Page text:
Jones Seminar: Molecular Biophotonics for Tumor Detection and Therapy Guidance

Jonathan T.C. Liu, Director, Molecular Biophotonics Laboratory, University of Washington

Friday, October 14, 2016, 3:30–4:30pm

Spanos Auditorium, Cummings Hall

The molecular biophotonics lab, directed by Dr. Jonathan Liu, is developing optical strategies for disease diagnostics and therapy. These endeavors require multi-disciplinary efforts in optical and mechanical design, contrast-agent development, image processing, and preclinical/clinical validation studies. For example, over the past few years, the lab has developed miniaturized optical-sectioning microscopes and molecular probes to enable real-time point-of-care pathology for the early detection of cancers (e.g. oral cancers) as well as for guiding the surgical resection of tumors (e.g. brain tumors). In addition, Dr. Liu’s lab is developing spectral imaging devices in conjunction with molecularly targeted Raman-coded nanoparticles to guide breast-cancer lumpectomy procedures, where the ability to image a multiplexed panel of tumor biomarkers is necessary for the sensitive detection of phenotypically diverse lesions. Finally, efforts are being made to develop light-sheet microscopy systems for rapid 3D digital pathology of fresh surgical specimens (e.g. prostatectomies). These advances have the potential to revolutionize patient care by enabling early cancer detection and/or by providing surgical oncologists and pathologists with intraoperative and postoperative tools to guide various interventions.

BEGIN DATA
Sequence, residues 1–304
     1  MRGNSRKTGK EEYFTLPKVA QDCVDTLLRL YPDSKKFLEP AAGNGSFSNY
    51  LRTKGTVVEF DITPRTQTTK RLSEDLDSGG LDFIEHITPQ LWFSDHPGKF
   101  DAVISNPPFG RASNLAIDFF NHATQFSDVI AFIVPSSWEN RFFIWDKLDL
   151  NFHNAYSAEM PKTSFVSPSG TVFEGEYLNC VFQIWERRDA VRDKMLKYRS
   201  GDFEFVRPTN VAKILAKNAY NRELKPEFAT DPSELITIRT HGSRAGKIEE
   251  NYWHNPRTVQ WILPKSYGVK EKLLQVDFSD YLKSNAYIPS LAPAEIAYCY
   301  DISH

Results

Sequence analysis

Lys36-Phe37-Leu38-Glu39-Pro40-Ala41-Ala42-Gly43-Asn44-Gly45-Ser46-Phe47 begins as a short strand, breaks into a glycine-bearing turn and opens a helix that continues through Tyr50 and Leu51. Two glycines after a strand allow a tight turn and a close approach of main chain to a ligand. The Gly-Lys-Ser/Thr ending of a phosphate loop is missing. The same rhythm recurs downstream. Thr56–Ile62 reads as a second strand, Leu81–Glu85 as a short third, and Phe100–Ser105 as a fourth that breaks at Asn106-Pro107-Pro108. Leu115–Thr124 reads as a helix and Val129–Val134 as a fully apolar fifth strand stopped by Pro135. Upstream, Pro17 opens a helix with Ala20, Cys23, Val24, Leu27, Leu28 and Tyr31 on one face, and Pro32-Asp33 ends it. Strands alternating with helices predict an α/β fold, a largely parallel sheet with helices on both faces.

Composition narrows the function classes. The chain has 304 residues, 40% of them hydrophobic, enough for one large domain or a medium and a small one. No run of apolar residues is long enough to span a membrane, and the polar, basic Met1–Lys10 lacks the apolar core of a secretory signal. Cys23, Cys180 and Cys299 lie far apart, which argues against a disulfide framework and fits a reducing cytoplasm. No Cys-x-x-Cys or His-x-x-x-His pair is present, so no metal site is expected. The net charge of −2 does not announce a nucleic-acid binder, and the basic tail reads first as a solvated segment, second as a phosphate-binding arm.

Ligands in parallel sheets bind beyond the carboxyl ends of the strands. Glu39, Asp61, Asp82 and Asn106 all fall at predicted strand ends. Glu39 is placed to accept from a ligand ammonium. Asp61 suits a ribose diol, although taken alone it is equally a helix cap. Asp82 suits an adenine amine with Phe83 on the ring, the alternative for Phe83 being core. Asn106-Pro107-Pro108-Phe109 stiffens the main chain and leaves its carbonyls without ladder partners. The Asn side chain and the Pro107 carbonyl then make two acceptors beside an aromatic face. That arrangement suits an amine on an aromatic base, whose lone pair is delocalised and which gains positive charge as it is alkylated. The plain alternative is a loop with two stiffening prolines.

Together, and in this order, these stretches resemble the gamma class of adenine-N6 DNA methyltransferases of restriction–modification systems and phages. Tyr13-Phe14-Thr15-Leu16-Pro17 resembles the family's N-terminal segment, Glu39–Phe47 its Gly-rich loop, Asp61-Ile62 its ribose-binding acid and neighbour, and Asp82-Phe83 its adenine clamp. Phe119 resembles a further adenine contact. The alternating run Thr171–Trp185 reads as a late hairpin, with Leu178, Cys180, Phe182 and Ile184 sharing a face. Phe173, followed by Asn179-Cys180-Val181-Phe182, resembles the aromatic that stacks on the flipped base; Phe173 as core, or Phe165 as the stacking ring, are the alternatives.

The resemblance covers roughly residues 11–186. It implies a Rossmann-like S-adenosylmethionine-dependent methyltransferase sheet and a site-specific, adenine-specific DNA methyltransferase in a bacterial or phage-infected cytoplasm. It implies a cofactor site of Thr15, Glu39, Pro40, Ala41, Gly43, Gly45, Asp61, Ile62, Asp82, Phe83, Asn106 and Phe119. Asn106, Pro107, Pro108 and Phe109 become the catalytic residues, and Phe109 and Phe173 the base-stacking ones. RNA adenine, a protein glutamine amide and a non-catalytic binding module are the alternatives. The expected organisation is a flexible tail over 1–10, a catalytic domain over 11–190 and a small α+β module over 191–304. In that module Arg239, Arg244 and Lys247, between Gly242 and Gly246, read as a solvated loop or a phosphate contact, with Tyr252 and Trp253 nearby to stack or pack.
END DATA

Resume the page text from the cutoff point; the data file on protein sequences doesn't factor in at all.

About the Speaker

Jonathan Liu received degrees in mechanical engineering at Princeton (BSE, 1999) and Stanford (MS, 2000 & PhD, 2005). He was a postdoctoral fellow in the department of electrical engineering (Ginzton Labs) and the Molecular Imaging Program at Stanford (2005–2009), and was later appointed as an instructor within the Stanford University School of Medicine (2009–2010). Jonathan was previously an assistant professor in the biomedical engineering department at the State University of New York (SUNY) at Stony Brook (2010–2014) and is now with the mechanical engineering department at the University of Washington in Seattle. He received an award as the top graduate in mechanical engineering at Princeton, an NSF graduate research fellowship, a Canary Foundation / American Cancer Society postdoctoral fellowship, and a K99/R00 career-development award from the NIH. His laboratory for molecular biophotonics develops optical strategies for improving the diagnosis and treatment of diseases.

For more information, contact Jessica Widdicombe at